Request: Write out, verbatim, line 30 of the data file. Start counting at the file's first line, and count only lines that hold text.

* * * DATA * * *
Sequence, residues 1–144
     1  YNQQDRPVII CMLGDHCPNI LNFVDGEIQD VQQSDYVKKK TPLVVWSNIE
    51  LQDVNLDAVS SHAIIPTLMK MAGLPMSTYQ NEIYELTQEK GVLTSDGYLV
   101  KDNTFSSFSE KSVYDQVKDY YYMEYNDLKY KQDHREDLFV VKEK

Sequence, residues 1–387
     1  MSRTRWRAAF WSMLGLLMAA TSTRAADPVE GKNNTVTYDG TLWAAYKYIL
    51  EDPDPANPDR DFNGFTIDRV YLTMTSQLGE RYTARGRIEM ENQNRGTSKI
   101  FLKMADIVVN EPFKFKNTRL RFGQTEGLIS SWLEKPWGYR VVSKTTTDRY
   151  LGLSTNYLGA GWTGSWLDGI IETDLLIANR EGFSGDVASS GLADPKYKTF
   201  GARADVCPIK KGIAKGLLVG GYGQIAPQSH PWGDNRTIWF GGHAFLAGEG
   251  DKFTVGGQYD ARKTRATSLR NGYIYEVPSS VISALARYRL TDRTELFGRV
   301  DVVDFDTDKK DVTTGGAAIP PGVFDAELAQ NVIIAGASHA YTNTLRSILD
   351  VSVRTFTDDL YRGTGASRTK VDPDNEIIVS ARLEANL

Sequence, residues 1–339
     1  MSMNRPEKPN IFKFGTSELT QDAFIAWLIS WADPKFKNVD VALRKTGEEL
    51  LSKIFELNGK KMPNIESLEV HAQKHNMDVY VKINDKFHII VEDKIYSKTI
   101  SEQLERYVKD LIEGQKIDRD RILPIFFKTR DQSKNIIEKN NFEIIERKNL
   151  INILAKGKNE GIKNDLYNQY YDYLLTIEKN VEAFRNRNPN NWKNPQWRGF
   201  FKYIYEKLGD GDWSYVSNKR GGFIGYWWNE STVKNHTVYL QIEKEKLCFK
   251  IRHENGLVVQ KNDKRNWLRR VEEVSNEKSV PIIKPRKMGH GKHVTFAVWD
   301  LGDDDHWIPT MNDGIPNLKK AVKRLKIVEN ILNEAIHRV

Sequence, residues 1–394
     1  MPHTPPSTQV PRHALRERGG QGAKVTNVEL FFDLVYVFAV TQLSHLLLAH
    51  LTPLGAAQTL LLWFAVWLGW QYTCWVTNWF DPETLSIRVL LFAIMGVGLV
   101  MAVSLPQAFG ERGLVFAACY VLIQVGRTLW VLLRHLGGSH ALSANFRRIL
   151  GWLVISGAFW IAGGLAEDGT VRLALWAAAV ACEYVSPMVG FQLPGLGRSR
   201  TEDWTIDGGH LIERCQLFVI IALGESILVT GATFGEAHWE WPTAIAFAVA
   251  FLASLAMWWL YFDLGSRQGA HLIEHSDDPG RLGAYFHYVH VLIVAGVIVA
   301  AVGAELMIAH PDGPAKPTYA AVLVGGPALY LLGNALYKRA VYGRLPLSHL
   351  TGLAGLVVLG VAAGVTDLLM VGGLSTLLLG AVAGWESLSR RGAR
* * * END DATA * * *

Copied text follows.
   351  TGLAGLVVLG VAAGVTDLLM VGGLSTLLLG AVAGWESLSR RGAR